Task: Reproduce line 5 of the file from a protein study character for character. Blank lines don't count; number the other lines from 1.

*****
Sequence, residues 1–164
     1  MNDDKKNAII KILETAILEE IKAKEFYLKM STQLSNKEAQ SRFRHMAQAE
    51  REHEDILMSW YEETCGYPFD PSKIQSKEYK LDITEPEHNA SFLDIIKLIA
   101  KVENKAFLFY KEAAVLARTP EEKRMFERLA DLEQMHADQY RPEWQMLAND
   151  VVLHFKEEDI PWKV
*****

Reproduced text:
   151  VVLHFKEEDI PWKV